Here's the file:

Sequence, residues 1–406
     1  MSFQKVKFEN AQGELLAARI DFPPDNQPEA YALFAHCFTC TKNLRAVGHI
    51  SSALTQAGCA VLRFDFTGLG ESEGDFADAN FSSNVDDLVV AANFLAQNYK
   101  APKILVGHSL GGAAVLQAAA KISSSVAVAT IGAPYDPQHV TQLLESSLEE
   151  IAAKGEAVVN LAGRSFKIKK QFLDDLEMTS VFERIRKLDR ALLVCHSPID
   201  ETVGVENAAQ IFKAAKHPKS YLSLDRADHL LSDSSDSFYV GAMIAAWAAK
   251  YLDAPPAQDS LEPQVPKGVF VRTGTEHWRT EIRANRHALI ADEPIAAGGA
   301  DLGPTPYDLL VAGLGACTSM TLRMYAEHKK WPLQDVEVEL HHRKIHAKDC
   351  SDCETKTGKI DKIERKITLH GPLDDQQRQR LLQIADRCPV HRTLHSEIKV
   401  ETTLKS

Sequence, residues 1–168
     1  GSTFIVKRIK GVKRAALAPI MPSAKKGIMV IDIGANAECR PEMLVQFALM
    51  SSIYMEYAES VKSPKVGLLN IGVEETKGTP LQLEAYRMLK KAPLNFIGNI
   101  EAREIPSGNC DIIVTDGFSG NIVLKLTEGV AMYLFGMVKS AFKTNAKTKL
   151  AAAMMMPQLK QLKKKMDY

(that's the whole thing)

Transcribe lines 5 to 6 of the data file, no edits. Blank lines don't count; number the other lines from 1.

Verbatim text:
   151  IAAKGEAVVN LAGRSFKIKK QFLDDLEMTS VFERIRKLDR ALLVCHSPID
   201  ETVGVENAAQ IFKAAKHPKS YLSLDRADHL LSDSSDSFYV GAMIAAWAAK